Exhale into a drinking glass or small jar and you’ll see condensation in it. Now imagine how much moisture one person exhales every hour they spend in an RV. If you combine perspiration and exhalation, the amount of moisture in your RV increases by about 1/10th of a gallon or roughly half a liter every 12 hours, for every person in it. That might not sound like much to some people, but if you put that amount in a kettle or humidifier inside your RV – for a third of every day – you’d definitely notice.

In hot weather, you won’t notice the moisture as much since warm air – inside your RV – can hold more moisture, preventing condensation on surfaces. Also, if you have an RV air conditioner, the cooler, drier air it provides will lower the moisture content in your motorhome, trailer, or camper.

Moisture becomes a problem when things get cooler. If you remember your middle school science classes, there was probably one where you put ice water in a glass, and then noted the condensation that collected on it. In the case of an RV, the “ice water” is often colder outdoor temperatures (at night or all day long). On the glass, the condensation collects on the warm side. In your RV, the warm side is most often the interior.

The above means that anytime the inside of the RV is warmer than the outside, you can generate condensation – on windows, walls, underneath flooring, behind wall coverings, and so on. It’s also what creates that cool-ish, damp feeling when you wake up after a cold night.

Another source of moisture in your RV is water leakage from the outside – rain or wash water through gaps in the seals or penetration points. This can let in large amounts of water and moisture, both where you can see it, and where you can’t… until it’s too late.

Controlling moisture in an RV requires some simple, basic, but extremely important things.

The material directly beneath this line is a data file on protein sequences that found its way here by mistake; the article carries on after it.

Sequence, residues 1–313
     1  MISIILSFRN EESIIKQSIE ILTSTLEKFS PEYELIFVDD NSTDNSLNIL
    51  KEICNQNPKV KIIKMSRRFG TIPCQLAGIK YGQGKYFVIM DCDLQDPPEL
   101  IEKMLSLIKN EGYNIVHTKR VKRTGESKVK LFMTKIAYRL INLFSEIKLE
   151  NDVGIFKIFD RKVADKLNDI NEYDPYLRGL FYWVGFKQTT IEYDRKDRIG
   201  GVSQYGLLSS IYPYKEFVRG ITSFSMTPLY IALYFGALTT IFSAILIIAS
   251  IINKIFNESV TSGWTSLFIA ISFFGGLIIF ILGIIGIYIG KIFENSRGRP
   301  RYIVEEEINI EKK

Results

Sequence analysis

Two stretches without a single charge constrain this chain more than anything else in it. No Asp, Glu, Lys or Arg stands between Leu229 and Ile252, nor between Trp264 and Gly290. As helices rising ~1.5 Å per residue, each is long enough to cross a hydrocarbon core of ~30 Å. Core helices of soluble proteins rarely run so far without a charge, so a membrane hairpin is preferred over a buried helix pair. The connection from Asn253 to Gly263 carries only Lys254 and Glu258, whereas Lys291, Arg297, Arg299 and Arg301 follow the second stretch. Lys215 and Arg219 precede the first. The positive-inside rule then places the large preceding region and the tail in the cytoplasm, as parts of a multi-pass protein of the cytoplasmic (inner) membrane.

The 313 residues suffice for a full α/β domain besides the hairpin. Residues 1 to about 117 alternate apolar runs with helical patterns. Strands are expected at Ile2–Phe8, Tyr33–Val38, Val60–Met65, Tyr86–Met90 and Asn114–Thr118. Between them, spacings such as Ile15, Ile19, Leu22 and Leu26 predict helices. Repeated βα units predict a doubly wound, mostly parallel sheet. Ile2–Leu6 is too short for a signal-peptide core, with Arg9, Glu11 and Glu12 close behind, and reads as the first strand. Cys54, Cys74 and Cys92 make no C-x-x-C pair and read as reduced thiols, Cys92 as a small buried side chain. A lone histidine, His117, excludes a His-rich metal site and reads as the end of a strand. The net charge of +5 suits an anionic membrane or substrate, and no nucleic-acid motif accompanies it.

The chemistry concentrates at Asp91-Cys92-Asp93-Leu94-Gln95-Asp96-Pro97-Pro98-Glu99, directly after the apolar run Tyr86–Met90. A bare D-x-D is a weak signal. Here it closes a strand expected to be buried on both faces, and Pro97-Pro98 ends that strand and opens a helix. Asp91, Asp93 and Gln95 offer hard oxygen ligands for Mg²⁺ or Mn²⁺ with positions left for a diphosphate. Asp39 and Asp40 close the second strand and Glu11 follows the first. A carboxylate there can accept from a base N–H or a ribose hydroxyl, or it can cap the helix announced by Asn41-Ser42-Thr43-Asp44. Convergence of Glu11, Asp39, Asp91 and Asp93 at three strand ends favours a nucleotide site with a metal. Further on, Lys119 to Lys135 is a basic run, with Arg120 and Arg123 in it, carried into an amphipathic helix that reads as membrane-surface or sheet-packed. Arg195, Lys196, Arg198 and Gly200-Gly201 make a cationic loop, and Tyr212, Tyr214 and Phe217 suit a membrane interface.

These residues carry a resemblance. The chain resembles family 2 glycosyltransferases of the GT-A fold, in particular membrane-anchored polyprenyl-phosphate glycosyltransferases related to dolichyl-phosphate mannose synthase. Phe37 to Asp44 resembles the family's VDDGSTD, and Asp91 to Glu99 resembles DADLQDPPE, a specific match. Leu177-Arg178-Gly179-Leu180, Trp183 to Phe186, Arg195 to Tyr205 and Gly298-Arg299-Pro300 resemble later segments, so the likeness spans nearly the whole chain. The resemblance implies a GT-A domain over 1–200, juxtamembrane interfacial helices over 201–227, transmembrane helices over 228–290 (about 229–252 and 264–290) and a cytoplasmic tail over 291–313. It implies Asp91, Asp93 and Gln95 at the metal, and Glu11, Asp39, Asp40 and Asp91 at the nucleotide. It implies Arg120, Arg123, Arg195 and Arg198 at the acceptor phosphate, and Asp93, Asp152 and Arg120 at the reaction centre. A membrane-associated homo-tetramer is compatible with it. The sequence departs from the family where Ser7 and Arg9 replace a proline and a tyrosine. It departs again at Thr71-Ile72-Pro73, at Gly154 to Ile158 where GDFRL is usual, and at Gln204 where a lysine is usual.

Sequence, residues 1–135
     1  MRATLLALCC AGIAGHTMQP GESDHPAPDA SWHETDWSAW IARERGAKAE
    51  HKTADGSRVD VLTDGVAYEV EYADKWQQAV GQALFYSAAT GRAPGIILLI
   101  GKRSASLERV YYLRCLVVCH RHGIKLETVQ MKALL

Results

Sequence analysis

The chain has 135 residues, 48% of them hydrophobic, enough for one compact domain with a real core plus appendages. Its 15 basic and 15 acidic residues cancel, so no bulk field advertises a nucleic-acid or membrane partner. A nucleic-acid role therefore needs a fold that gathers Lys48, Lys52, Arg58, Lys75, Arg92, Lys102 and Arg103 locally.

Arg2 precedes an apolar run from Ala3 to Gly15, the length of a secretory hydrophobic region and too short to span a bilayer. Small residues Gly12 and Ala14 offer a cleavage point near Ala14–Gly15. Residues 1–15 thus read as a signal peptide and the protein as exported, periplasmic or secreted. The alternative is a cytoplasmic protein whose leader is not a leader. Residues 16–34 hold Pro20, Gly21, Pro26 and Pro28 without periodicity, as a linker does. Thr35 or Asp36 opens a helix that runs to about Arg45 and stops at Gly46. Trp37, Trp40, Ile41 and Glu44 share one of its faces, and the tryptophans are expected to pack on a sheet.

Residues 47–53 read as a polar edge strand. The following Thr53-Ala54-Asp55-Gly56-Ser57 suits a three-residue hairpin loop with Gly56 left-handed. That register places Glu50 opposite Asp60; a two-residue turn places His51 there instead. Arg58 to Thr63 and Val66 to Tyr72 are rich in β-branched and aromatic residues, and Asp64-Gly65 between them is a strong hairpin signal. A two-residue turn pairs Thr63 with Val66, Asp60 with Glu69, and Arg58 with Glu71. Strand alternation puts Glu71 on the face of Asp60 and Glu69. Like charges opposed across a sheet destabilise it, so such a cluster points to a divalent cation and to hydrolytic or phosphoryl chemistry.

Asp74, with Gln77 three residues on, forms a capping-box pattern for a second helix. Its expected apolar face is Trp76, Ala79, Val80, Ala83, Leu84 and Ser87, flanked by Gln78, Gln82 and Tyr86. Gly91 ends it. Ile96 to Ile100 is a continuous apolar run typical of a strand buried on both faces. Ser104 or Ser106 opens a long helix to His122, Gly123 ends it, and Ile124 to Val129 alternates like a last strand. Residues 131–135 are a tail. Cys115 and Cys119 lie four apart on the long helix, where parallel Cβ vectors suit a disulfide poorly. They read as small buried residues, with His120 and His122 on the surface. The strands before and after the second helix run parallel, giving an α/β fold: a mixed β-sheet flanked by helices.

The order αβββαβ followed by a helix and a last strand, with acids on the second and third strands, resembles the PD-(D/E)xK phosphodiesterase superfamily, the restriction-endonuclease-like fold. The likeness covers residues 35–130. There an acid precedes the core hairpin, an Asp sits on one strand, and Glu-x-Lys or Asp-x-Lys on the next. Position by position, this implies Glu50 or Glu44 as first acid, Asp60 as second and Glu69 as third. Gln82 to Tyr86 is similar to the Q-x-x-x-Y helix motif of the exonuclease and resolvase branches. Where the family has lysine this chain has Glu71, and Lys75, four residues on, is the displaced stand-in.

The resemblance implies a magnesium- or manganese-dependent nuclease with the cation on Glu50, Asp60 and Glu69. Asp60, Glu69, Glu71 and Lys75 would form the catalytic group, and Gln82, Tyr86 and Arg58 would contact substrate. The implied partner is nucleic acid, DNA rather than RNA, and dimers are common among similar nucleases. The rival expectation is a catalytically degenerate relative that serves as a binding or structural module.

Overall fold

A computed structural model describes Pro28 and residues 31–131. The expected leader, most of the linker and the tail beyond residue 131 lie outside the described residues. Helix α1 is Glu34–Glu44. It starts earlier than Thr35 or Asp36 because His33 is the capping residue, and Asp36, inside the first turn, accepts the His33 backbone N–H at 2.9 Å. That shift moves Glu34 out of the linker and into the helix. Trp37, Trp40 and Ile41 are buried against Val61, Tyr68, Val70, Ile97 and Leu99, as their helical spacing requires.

First of all, you probably have screened windows and roof vents in your RV. Use them. When you can, use the windows and roof vents together to create air flow. The hot air near the ceiling will naturally exit through the roof vent and the slight negative pressure will draw air in through the RV windows. If there’s a breeze, it can really help to have a window open on the upwind and downwind side of the RV.

If it’s hot enough to use your air conditioner, make sure the condensation is draining on the outside of the RV – usually seen as water running off the roof. Get up on the roof every now and then to check. If the RV’s air conditioner condensation is making its way into the roof or walls, that’s a lot of water over time.

If your RV has a shower, make sure you run the bathroom’s exhaust fan during, and well after, your shower. Similarly, if you’re cooking, use whatever exhaust fan is closest to the cooking area.

If you choose to be extra careful, you can invest in a dehumidifier sized for your RV.

Exterior leaks require careful inspections of the existing seals, sealants, and penetration points (places where wires, tubes, windows, etc. go through the roof, or walls (or even the floor. It’s surprising how much water can be forced through a bottom opening when driving through the rain.)).

Also, do a beginning-of-season and end-of-season inspection for evidence of leaks on the inside of your RV. Cover all the places you wouldn’t see on a regular basis. The back of cabinets, behind appliances, etc.

All the best, and here’s hoping your R-V is always D-R-Y.

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